Soon after her PhD in bioprocess technology from the Institute of Chemical Technology in Mumbai in 2017, Suruchi Rao set about applying what she had learnt. Her idea was to use microorganisms to convert carbon content in waste water in process industries into hydrogen gas, a clean fuel that can replace dirty fossil fuels.
She and her team developed a microbial catalyst. But then, as she started talking to potential customers, she realised most of them don’t have space for a large bioreactor. So she had to come up with a way to make reactors much smaller than traditional ones, and also make them modular in order to scale them. She succeeded in building arrays of small connected reactors with automation and IoT technologies. The IoT capability also allowed her to monitor and run the reactor remotely. Combined with AI/ML, it also allowed the conversion process to change automatically if the salt or carbon content in the water changed. Normally, an operator on site would have to deal with such changes.
Rao’s product is already in the market, being used by one of India’s biggest steel makers, as also by oil & gas companies overseas. A completely autonomous system is still in the works. “We could be the first in the world to get to market with a product like that, and execute it in such a way that the value will be apparent very quickly,” Rao says.
Rao’s Ossus Biorenewables – which combines biology, electrical, electronic and mechanical engineering, as also AI/ML and IoT – is among the 12 finalists of the Qualcomm Design in India Challenge this year. We spoke to a number of the finalists, and each one is building a fascinating venture – a sign of how much India’s deep tech ecosystem has progressed.
Garima Bharadwaj’s Enlite Research has created what they call an operating system (OS) for building management, a device so low-cost that they can be used by small and mid-size buildings to track and control every equipment, peripheral and function in the buildings. Till now, such automation systems have been available only to large facilities. Bharadwaj says their device has built into it every data communication protocol – be it Bluetooth, Wi-Fi, BACnet or Modbus. Real estate services company CBRE is among her customers.
Vaishali Chinnayya’s Nimble Vision has built an IoT platform that can do water and energy analytics. They have built a smart water level controller and consumption tracker, and a water flow meter with auto invoicing and payment that are being used by many.
Padmini Balaram and Pranav Singanapalli’s Emote Electric is developing what promises to be a sophisticated geared electric vehicle. Balaram says it will come with removable batteries that you can charge at home, and a provision to put multiple batteries to increase driving range to 450 km.
Megha Midha and Mayank Midha’s M3 Toilet Resources has built prefabricated steel toilets – for underserved areas – that use IoT-enabled sensors and automation technologies to understand when a user enters and exits, understand exactly how much water to use, and automatically clean the toilets.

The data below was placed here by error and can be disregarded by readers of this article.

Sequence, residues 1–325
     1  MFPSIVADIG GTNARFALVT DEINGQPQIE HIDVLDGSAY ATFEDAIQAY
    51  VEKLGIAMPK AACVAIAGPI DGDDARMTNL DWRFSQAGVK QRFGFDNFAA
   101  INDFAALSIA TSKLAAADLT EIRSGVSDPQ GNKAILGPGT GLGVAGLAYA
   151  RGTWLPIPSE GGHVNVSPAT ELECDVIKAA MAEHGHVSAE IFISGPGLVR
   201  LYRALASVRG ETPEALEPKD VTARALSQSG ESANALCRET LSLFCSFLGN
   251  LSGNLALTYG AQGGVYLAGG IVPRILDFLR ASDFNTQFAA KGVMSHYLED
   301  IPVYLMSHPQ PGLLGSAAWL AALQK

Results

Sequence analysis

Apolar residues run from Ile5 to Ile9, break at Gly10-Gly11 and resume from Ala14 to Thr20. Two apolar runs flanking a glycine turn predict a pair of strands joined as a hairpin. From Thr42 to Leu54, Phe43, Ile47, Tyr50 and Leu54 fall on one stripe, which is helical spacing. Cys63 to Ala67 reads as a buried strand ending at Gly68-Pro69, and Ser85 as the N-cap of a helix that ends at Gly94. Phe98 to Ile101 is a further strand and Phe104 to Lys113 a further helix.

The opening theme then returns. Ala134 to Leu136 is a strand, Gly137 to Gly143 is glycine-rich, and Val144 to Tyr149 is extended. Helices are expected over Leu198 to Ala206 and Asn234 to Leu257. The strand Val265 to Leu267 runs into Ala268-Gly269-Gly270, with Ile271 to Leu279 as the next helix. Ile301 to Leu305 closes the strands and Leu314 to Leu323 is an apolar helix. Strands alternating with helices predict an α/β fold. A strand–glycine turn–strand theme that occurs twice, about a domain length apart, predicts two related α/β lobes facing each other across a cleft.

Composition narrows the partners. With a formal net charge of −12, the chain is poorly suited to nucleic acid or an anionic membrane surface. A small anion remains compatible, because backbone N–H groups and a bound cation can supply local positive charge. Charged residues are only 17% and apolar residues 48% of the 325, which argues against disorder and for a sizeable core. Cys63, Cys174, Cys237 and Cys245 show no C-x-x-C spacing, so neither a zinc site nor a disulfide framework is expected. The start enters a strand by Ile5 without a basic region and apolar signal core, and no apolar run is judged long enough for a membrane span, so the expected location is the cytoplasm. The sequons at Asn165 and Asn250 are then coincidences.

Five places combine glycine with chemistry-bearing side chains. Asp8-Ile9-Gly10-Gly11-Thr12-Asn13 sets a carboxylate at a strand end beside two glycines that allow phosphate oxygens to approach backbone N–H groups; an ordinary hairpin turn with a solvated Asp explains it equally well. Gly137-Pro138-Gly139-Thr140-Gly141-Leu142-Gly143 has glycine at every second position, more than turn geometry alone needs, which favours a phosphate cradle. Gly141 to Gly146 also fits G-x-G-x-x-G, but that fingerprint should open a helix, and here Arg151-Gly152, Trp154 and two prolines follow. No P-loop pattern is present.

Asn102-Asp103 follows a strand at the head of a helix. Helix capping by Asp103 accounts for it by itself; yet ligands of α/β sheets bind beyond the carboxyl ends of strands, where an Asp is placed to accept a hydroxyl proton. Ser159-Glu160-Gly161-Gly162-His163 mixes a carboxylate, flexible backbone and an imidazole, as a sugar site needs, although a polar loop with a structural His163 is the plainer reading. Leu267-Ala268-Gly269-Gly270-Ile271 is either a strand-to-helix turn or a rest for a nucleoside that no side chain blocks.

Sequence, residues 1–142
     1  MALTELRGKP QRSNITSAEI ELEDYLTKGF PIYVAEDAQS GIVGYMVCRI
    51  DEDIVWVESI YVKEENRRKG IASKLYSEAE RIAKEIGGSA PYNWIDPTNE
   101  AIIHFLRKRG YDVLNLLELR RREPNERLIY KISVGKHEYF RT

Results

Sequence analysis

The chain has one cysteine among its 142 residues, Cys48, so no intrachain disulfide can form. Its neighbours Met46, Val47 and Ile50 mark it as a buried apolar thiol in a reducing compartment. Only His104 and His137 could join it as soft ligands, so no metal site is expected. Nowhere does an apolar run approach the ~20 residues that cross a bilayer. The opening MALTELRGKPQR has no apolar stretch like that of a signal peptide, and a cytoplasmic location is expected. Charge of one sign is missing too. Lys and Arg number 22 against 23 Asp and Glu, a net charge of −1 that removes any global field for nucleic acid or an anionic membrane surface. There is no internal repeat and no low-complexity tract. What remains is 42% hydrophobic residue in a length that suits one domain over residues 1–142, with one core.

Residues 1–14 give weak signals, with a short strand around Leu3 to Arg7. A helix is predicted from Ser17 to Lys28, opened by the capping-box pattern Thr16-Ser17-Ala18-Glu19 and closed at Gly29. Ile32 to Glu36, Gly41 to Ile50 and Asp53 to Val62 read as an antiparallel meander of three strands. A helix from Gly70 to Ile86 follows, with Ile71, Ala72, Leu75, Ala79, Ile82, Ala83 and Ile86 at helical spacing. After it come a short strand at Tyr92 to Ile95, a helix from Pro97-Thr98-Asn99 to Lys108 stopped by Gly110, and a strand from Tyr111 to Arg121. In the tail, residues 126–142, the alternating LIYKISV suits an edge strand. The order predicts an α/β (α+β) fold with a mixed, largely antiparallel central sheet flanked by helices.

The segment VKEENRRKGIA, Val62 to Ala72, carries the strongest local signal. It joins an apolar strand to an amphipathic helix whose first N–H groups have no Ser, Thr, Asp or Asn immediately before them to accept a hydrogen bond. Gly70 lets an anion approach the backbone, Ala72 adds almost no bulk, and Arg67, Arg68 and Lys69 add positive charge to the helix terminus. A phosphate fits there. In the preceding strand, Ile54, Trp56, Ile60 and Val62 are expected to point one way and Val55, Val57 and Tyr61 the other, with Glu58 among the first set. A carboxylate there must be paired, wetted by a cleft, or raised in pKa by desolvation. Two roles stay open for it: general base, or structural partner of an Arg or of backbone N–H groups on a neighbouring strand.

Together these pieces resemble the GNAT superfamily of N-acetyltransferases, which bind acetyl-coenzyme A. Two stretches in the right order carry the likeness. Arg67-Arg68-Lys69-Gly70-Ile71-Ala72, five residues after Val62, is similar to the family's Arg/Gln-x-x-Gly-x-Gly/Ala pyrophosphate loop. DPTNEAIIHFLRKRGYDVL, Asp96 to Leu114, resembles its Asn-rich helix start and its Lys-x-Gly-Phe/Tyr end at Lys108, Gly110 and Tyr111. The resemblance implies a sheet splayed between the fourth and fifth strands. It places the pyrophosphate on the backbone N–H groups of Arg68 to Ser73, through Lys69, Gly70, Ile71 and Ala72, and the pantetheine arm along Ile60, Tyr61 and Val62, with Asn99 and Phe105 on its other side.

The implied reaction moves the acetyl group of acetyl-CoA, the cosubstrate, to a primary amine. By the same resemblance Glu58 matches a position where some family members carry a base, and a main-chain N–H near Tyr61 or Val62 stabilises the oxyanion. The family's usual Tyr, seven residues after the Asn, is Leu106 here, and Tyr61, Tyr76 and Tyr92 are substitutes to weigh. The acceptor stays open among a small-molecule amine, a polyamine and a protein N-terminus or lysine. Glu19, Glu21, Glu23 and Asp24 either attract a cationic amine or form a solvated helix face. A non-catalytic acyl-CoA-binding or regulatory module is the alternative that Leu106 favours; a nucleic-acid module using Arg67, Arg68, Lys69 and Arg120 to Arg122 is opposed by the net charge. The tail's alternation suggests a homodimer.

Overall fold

But doing such hardware ventures in India is not easy. Balaram says funding and talent are big challenges. Specialised talent is expensive. And most of these ventures spend a lot of time training new hires.
Venture capitalists still have not warmed up to the space. But Rao says there are plenty of government and private grants available. Those have sustained her venture. “Money keeps coming as long as you’re an innovative company and won’t be outcompeted by the closest copy from China,” she says.
A lot of support is also now coming from the technology biggies, often through their accelerator programmes. Rao says she benefited enormously from the Shell E4 accelerator programme. All of the Qualcomm finalists expect to benefit from Qualcomm’s mentors, patent filing experts, and business connections. Bharadwaj says she has been blown over by the support she has received from Qualcomm, and even IBM executives. “The other day I messaged a Qualcomm exec saying I couldn’t find a component anywhere globally, and the next morning they sent a list of four vendors who had the component and asked us to connect with them. They are not mentors anymore. They are a part of the team and they are equally excited about what we are doing and equally sad about what we are not able to do,” she says.
We have been part of two corporate accelerator programmes, including Shell E4. These are really helpful. There are also government grants and private grants you can use. Money keeps coming as long as you’re an innovative company and won’t be outcompeted by the closest copy from China.
I have been part of two Qualcomm programmes, and it has been an exceptional journey. We were assigned a Qualcomm veteran as a mentor. And he gave so much of his time to us, introduced us to others. Qualcomm helped us find components when we were struggling to get them.
We make water management smart. Our biggest challenge is sourcing components. We import PCBs and sensors from China. But that is a problem now. We are overcoming that by sharing our designs with other vendors, working on them together, sometimes changing the designs.
We are building geared electric vehicles. Funds and talent are big challenges. Those who come out of colleges lack practical experience; our education system must change. Designing and making hardware is expensive, takes time. VCs don’t have a long-term vision. Government must strengthen the ecosystem.
As the scale of our smart toilet operations rises, the requirement for efficient data analysis is becoming important. We want to integrate equipment that can handle so many data points. We are working with Qualcomm to leverage their platform for this. They are also helping with patent applications.